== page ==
A few weeks ago, ACS Webinars hosted Steven Carlo, a PhD physical chemist who worked for more than 10 years in R&D, consulting and technology transfer before taking on his current job as a technical manager for the federal government.
The topic: Alternative careers for PhD chemists.
If that’s not a topic appropriate for this blog, I don’t know what is! If you missed it, you can watch the video on the ACS Webinars YouTube channel or here.
You may recognize Steven from previous ACS Webinars, such as this one about the science behind paper money. Neat stuff!
In the first half of the webinar, Steven presented an overview of the various career paths that are available to PhD chemists, touching on both traditional careers as well as careers beyond the bench.
Steven identified and briefly described the four common career paths for PhD chemists, which include:
- Academia: Become a chemistry professor at a university or college. As a professor, your starting pay is going to be less than if you went into industry and you have to write grant proposals to acquire funding for your research ideas. However, professors can work on whatever research they want, assuming they can convince agencies to provide the funds.
- Industry: Work for a large company or for a start-up where you can learn about entrepreneurship. In industry, you make a decent salary and don’t have to worry about grants, but you may not have the freedom to decide what you work on, since those choices are made by higher-ups in the company.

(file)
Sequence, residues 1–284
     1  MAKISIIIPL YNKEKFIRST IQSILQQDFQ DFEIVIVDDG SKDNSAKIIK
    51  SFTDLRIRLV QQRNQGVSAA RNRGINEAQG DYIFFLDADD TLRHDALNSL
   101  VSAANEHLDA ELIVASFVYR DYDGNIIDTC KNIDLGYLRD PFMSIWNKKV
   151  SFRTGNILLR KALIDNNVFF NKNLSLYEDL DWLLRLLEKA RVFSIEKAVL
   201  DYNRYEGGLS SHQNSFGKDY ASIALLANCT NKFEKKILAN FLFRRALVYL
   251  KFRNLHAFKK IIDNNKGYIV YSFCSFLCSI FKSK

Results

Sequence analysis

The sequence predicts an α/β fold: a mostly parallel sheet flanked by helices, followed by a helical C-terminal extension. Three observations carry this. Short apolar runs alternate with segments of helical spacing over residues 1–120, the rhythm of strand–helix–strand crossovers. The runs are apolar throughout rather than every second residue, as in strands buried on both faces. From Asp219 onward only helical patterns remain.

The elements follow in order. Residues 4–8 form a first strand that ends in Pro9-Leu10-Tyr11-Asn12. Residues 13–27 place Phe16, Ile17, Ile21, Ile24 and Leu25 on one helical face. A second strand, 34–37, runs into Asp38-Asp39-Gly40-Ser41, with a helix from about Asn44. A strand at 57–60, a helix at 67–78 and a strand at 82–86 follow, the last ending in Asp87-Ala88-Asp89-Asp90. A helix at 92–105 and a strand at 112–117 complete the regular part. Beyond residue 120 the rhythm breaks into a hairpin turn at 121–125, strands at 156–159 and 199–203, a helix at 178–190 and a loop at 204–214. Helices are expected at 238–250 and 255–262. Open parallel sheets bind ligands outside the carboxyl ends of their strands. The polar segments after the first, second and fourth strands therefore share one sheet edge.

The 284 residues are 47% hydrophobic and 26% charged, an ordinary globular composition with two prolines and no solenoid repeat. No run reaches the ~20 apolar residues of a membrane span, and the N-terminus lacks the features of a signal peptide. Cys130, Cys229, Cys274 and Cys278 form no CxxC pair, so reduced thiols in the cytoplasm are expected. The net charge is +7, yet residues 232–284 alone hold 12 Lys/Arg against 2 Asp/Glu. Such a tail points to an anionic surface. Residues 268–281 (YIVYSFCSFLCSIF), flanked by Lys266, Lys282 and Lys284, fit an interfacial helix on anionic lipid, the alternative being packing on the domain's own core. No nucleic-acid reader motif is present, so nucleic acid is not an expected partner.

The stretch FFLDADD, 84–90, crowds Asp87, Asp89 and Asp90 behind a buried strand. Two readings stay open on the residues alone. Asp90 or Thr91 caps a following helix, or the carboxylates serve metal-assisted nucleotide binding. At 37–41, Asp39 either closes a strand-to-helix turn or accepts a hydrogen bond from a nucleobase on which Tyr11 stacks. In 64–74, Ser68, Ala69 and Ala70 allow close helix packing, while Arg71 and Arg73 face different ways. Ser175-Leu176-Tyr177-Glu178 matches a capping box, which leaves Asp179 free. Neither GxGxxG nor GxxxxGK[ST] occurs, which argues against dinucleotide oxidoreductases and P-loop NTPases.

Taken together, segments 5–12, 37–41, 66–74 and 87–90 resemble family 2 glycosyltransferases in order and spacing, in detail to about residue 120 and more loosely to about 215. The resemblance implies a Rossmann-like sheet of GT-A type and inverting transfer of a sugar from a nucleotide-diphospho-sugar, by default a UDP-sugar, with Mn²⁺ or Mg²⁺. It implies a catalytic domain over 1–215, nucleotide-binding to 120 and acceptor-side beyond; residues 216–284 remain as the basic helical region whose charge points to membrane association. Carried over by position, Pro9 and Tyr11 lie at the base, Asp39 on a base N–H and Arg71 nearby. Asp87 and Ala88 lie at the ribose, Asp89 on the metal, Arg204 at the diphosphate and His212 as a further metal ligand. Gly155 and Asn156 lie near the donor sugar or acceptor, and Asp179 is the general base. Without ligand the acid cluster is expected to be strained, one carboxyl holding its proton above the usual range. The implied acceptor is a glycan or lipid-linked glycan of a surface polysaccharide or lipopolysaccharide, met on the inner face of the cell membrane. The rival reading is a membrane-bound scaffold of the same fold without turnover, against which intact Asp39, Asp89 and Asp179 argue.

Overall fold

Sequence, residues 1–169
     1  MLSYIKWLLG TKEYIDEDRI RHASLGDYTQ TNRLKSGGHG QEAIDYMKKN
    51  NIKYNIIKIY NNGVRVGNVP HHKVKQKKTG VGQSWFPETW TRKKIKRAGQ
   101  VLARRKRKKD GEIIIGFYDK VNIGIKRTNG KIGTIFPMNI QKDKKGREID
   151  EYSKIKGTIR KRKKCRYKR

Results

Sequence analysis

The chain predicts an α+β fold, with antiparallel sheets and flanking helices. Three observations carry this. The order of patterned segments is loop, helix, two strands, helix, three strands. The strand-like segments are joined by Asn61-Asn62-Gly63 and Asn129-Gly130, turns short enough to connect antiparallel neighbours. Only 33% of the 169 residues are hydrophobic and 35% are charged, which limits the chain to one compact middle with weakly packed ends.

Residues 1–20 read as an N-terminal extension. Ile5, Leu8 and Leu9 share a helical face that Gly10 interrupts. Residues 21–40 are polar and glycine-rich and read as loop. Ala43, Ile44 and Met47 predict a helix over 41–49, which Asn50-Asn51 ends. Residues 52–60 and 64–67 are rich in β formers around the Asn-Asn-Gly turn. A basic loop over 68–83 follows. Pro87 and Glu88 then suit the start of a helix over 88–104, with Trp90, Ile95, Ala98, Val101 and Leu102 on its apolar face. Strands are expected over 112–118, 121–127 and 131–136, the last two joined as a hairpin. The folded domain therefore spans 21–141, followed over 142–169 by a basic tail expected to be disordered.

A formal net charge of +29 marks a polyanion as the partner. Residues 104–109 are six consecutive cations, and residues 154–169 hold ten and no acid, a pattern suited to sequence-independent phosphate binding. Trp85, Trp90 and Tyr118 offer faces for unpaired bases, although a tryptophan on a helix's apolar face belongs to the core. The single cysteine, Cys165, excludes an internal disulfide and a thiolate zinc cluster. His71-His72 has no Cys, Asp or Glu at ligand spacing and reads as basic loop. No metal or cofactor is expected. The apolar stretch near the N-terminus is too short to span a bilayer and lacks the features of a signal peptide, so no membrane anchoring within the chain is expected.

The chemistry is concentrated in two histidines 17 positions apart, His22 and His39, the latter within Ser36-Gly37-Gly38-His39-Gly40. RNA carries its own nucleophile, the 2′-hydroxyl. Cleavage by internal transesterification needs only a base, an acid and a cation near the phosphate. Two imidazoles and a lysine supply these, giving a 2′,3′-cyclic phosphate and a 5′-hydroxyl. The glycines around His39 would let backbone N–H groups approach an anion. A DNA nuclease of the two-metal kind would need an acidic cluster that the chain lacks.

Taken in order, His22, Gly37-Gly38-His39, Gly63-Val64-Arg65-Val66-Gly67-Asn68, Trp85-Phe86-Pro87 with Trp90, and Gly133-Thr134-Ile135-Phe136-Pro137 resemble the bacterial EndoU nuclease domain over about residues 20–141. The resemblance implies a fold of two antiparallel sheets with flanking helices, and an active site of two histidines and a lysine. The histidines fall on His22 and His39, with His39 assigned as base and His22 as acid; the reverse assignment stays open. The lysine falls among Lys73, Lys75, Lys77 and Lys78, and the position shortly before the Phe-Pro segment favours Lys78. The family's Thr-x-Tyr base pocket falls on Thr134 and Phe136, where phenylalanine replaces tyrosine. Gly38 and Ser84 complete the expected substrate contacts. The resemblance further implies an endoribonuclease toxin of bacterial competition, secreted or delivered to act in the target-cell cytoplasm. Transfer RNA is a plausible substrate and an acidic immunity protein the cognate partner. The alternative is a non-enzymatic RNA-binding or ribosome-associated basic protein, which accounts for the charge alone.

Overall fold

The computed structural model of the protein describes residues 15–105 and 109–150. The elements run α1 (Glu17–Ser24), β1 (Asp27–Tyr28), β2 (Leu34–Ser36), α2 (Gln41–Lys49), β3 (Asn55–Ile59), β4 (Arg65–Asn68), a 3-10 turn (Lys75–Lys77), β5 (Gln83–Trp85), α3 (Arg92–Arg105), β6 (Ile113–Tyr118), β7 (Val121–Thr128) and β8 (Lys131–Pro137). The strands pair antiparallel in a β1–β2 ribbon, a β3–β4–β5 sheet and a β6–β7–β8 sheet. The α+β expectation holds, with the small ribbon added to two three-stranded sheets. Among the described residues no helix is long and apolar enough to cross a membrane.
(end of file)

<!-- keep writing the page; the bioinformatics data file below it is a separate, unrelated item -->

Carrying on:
- Government: Work for a national lab or a federally funded R&D center (FFRDC). Many government agencies hire contractors whose employment is contingent on the continuation of the contract. Federal employees receive a competitive salary, and pension and benefits that are comparable to industry. You are a civil servant and there’s a lot of bureaucracy.
- Consulting: “Can be absolutely awesome only when the dollars are flowing,” Steven says. Consultants work to provide solutions to problems or validate client observations. A huge variety of projects are possible, and you can work for a company or for yourself.
Other less-common “nontraditional” career options available to PhD chemists (with links to previous blog posts that highlight such careers, where applicable) include:
- Teaching in a K-12 setting
- Intellectual property: Patent law or technology transfer
- Science policy, communication, and lobbying
- Regulatory: Health and environmental safety
- Sales—instruments, pharmaceutical drugs, lab supplies
- Technical writing: journal editor, writers for users manuals and textbooks
- Science writing
I would also add to the list the following options, which have previously been highlighted on this blog by myself and others:
- Scientific staffing
- Career services
- Cosmetic chemistry
- Video production
- Science illustration
- Computer software
- Book publishing
- Project management
- Medical writing
- Web developer
- Chemistry librarian
- Conservation scientist
- Jewelry designer (not a joke!)
For those in graduate school who are still undecided about their future careers, Steven said you need to start exploring your options and discovering what you love.
“It’s okay to not know exactly what you want to do,” Steven said, “[But] you need to know enough about yourself to know what you enjoy doing.”
Take a look at my previous posts on how to discover what you love and find your dream job for some practical tips on how to navigate the journey of self-exploration. It might sound scary but it’s a lot of fun, and it’s a good investment of your time!
Stay tuned for a follow-up post with more from the Steven Carlo’s webinar on nontraditional careers for PhD chemists!
Leave a Reply